trigger simultaneously. Edmonds was convicted at trial and sen- As detailed earlier, forensic confirmation biases may be par-
tenced to life in prison. Highly critical of this expert’s “speculative” ticularly problematic in the forensic sciences—where stimulus
and “scientifically unfounded” opinion, the state Supreme Court ambiguity, context-driven expectations, and motivations conspire
overturned the conviction (Tyler Edmonds v. State of Mississippi, to create fertile conditions for psychological contamination and
2007). The following year, Edmonds was retried and acquitted. bias to operate. There are two levels at which it is necessary to
After an investigation by the state’s medical board, the patholo- reduce this bias and its consequences: The first level is in the foren-
gist in question was removed from the state’s designated list of sic laboratory, and even at the crime scene, where evidence is
pathologists. collected and sometimes analyzed; the second level is at the trial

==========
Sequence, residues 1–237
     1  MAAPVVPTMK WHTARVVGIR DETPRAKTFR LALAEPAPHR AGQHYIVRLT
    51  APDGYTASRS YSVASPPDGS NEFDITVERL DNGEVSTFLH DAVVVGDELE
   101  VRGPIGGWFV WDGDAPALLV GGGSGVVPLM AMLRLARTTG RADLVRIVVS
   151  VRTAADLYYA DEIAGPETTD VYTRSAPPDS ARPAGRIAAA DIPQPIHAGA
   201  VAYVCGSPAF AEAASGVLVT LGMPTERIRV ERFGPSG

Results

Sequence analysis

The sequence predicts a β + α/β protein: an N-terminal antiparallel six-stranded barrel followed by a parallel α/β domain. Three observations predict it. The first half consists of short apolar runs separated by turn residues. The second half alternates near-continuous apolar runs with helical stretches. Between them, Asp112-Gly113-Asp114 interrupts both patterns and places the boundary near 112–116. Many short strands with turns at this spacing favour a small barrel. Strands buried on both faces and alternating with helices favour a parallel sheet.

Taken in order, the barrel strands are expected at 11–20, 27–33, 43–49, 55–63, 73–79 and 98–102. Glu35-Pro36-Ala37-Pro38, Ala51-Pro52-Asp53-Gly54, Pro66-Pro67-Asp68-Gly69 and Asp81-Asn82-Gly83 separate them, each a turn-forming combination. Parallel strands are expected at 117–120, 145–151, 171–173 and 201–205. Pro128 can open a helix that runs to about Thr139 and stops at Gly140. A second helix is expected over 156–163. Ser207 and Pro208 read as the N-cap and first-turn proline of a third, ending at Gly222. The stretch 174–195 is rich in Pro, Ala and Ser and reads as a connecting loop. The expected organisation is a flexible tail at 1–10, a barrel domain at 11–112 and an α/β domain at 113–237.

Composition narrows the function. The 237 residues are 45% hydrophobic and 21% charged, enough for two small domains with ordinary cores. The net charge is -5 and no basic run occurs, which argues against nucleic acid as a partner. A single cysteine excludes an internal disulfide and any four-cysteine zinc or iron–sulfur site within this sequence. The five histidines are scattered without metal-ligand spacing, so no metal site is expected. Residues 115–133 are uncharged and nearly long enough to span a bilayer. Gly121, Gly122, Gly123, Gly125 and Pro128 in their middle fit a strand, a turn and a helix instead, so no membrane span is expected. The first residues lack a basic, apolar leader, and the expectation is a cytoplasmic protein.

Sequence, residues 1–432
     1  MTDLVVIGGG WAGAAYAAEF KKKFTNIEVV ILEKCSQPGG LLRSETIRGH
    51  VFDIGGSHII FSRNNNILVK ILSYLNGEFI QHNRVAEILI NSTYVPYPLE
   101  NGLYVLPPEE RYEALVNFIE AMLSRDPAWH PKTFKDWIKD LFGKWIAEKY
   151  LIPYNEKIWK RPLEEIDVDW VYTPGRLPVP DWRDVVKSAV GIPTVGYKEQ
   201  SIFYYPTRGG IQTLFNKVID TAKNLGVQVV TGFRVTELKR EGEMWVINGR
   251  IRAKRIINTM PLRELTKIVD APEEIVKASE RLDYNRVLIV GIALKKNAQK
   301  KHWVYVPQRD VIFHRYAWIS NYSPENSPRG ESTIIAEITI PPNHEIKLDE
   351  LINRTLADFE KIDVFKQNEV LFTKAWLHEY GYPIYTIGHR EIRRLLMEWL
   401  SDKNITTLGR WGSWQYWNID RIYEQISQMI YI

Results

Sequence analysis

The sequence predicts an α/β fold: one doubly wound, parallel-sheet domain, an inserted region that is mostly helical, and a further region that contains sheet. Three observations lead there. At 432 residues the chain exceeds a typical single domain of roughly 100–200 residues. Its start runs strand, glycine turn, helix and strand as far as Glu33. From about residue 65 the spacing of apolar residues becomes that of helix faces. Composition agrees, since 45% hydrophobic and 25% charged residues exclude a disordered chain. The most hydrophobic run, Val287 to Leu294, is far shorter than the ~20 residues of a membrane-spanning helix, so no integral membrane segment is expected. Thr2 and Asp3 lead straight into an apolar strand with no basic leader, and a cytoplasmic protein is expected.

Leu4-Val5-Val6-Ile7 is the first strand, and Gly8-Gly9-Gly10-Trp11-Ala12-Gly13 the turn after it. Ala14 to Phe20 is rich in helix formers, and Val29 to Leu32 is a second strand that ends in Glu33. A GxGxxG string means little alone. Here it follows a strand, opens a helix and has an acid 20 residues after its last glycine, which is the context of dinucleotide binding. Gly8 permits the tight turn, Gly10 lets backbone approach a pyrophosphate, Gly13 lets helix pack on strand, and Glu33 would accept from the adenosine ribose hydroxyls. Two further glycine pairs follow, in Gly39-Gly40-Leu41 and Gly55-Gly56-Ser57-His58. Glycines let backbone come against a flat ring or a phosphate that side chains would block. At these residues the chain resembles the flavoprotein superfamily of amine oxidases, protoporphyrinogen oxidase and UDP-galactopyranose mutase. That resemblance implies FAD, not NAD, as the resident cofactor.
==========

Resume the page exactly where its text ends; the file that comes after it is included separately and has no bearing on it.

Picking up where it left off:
and appellate courts, where that evidence is evaluated. Hence, we
4.6. Implications for accuracy and error offer a number of suggestions.

The fact that confessions and other strong bases for a pre- 5.1. Reducing bias in the crime laboratory
sumption of guilt can bias the search, collection, perception, and
interpretation of subsequently obtained evidence undermines a In a study of four crime laboratories, Peterson, Mihajlovic, and
silent but basic tenet of the judicial system—namely, that the items Gilliland (1984) discovered that very few reports excluded the
S.M. Kassin et al. / Journal of Applied Research in Memory and Cognition 2 (2013) 42–52 49

known suspect from the crime scene or from a connection to the current forensic practice, examiners often compare a sample of
victim. It is not clear whether this result indicates that police man- material to that of a target, presumably belonging to the sus-
age to identify actual perpetrators for suspicion at high levels of pect, in an effort to determine if the two samples derive from
accuracy or that forensic examiners have strong and biasing base- the same individual. This protocol is structurally identical to the
rate expectations that lab results will prove incriminating. As a eyewitness “showup” in which a witness is asked to make a
result of numerous DNA exonerations since that time, however, memory-based identification decision via exposure to a single
it is clear that the forensic sciences have contributed to wrongful individual. Research shows that showups result in more false
convictions (Hampikian et al., 2011)—especially in cases that fea- positive errors when the suspect and comparison are generally